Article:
You couldn’t spend all your time in the shadows, her daughter was right. You’d to go out and live, while you still could. Maybe, when she got home, she’d dig out her dancing shoes. Now that Shell was older, perhaps she’d take her, teach her a few of the moves. Yes, Barbara would show Shell what Larry had taught her: how to spin away out of yourself. How to merge with something bigger.”

And that is the intricate charm of this story: inside the mythical and dark structure is the simple idea of how to live. It’s a story of ‘soft things in hard places’.

It Felt Like Everything – Told in two parts, this novella explores a year in the lives of two teenagers, first Kate, then Marin. There are memorable lines in this writing, as the voice of each young person drives the two halves.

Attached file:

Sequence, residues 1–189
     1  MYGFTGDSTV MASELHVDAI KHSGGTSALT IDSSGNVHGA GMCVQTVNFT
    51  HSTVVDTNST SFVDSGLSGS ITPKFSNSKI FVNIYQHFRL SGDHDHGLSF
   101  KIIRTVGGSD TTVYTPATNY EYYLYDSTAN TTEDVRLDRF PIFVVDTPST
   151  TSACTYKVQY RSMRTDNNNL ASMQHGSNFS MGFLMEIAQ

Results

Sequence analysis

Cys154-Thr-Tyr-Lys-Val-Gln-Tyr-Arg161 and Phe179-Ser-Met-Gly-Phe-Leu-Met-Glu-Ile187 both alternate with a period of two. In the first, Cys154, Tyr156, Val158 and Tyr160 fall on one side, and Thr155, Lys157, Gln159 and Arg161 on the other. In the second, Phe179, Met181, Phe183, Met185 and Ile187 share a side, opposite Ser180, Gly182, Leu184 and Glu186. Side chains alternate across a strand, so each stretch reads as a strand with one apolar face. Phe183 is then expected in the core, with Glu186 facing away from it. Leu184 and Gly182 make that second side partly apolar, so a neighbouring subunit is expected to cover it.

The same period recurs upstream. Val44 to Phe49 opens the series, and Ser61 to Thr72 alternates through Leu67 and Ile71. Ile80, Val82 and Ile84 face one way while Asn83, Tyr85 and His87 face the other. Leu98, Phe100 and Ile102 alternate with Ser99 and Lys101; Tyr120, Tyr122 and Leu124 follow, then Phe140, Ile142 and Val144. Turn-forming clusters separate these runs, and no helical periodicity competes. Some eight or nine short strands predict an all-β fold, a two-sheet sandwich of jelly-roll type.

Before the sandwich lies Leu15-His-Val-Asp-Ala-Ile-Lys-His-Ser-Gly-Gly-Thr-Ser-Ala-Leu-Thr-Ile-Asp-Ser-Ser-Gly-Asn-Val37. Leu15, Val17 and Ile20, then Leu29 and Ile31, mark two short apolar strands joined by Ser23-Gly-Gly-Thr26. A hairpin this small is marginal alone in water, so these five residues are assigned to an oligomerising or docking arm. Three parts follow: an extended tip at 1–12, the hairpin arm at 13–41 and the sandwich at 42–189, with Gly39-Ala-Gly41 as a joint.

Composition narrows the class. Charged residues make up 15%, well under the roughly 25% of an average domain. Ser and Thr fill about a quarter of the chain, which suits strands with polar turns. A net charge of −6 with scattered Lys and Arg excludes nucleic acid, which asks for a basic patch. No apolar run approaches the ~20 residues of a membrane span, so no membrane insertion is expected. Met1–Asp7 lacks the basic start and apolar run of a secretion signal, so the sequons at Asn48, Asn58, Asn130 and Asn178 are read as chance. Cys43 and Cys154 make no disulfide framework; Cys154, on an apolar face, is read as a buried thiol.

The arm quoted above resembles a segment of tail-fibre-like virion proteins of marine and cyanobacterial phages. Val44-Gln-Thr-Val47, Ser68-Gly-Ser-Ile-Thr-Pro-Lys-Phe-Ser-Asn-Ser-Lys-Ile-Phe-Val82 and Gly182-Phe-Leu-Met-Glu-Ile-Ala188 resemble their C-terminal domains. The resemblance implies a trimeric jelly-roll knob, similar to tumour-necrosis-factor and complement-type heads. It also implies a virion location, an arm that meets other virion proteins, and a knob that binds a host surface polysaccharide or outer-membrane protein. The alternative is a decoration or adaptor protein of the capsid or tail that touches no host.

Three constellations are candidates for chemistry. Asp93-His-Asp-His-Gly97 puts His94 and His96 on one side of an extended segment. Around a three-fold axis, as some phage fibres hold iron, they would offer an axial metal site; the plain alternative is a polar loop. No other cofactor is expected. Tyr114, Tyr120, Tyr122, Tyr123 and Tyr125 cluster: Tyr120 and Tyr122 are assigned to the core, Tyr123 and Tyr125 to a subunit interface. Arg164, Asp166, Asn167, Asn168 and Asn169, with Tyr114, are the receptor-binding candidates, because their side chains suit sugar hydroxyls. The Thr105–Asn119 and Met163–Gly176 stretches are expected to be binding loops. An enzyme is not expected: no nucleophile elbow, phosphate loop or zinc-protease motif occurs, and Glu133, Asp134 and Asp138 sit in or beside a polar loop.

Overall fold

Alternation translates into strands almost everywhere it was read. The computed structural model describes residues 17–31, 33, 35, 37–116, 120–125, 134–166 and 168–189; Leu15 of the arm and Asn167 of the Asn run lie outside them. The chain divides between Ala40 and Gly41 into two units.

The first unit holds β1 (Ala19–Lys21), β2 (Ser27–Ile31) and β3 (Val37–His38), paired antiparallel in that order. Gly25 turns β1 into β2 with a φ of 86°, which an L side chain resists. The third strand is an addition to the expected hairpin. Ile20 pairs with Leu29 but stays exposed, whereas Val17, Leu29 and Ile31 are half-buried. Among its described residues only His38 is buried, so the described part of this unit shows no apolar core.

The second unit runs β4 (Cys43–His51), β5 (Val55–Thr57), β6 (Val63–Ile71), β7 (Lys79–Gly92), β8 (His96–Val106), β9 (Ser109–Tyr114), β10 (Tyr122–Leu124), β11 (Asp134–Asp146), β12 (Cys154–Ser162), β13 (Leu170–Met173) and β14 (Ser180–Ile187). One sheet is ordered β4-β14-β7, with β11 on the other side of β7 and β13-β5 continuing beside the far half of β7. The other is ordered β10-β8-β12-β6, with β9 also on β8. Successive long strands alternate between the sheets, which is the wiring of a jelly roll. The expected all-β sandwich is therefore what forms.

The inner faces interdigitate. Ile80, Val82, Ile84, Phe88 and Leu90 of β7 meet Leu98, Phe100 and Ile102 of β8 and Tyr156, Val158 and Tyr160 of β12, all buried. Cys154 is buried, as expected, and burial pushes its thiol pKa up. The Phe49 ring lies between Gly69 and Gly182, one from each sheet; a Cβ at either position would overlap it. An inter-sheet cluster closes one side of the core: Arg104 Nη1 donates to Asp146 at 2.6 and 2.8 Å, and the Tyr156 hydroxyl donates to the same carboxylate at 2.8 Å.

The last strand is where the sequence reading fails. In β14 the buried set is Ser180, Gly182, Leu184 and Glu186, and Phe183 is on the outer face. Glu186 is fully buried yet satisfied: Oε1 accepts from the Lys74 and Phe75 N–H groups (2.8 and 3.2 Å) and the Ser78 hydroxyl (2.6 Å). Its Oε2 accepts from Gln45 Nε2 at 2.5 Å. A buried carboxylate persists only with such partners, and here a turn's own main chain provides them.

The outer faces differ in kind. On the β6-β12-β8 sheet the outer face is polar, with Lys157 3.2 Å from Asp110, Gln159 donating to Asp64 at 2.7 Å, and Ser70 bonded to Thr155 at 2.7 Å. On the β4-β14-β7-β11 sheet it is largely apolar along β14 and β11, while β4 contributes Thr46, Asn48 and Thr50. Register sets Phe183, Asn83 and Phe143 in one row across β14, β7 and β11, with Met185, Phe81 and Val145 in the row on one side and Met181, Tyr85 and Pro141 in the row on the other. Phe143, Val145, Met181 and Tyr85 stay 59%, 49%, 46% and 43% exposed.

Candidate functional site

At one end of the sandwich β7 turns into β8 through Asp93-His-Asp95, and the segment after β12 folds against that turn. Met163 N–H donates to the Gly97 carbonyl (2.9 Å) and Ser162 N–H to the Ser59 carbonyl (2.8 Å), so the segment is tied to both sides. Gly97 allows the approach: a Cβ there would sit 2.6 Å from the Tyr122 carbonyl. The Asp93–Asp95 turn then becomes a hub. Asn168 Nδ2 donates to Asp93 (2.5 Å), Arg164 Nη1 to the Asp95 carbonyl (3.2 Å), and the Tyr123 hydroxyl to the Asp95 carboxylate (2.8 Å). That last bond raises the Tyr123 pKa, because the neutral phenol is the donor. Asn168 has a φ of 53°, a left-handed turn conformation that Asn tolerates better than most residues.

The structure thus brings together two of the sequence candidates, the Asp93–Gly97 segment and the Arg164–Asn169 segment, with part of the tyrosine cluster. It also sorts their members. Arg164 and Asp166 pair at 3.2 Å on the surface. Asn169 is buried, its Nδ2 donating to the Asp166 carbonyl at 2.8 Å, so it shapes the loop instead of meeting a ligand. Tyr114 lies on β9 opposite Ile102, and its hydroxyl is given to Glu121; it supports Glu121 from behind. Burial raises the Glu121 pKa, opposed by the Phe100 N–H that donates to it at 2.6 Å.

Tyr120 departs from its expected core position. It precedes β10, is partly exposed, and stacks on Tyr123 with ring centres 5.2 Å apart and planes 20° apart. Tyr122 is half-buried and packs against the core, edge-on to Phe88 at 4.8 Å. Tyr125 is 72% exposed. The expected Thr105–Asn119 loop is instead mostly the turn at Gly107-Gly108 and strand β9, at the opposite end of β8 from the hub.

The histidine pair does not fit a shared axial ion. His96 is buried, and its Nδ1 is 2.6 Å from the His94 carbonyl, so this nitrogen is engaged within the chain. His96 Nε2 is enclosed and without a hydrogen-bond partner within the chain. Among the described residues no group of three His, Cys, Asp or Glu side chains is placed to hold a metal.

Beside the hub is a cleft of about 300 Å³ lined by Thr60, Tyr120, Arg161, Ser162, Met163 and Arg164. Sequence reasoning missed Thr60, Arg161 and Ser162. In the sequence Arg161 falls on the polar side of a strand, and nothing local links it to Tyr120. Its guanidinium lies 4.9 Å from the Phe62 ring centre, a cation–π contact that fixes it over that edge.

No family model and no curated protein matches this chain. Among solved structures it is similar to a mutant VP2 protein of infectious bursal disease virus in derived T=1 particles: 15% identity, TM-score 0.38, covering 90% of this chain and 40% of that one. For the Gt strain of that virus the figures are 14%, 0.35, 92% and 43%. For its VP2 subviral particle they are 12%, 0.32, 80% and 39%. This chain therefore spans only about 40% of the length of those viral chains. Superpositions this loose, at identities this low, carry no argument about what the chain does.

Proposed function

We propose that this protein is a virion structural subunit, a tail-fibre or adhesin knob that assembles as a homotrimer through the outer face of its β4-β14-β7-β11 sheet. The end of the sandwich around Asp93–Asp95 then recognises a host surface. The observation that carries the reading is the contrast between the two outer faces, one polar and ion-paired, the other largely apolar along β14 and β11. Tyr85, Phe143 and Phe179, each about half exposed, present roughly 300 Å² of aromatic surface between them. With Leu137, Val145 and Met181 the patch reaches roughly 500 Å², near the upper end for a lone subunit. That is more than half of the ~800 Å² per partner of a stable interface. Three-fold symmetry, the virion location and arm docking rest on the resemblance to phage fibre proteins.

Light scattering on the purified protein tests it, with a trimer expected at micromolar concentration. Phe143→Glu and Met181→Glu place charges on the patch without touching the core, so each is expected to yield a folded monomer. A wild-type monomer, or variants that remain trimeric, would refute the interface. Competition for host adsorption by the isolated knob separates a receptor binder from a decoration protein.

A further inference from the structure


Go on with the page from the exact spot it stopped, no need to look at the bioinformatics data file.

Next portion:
In the first set of stories, we follow Kate as she negotiates her feelings for Martina – whom she secretly longs for. In a tender moment with her mother near the end of this section, Kate comes close to confessing her love for her best friend when she says, ‘I have too many feelings… About everything.’ It’s here we come to understand the weight of the title of this novella. In between the teen feelings, there is the everyday stuff of growing up and going to school: papers on Hamlet, opinions on the DiCaprio/ Danes Romeo & Juliet. Then there is a first kiss – not with Martina – and another near-confessions of Kate’s real feelings.